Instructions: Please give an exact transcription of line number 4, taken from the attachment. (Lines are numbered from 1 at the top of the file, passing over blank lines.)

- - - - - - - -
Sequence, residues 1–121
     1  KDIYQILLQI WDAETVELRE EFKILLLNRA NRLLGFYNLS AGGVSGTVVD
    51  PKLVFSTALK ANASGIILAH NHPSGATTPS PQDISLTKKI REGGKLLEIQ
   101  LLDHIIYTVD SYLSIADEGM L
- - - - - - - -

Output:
   101  LLDHIIYTVD SYLSIADEGM L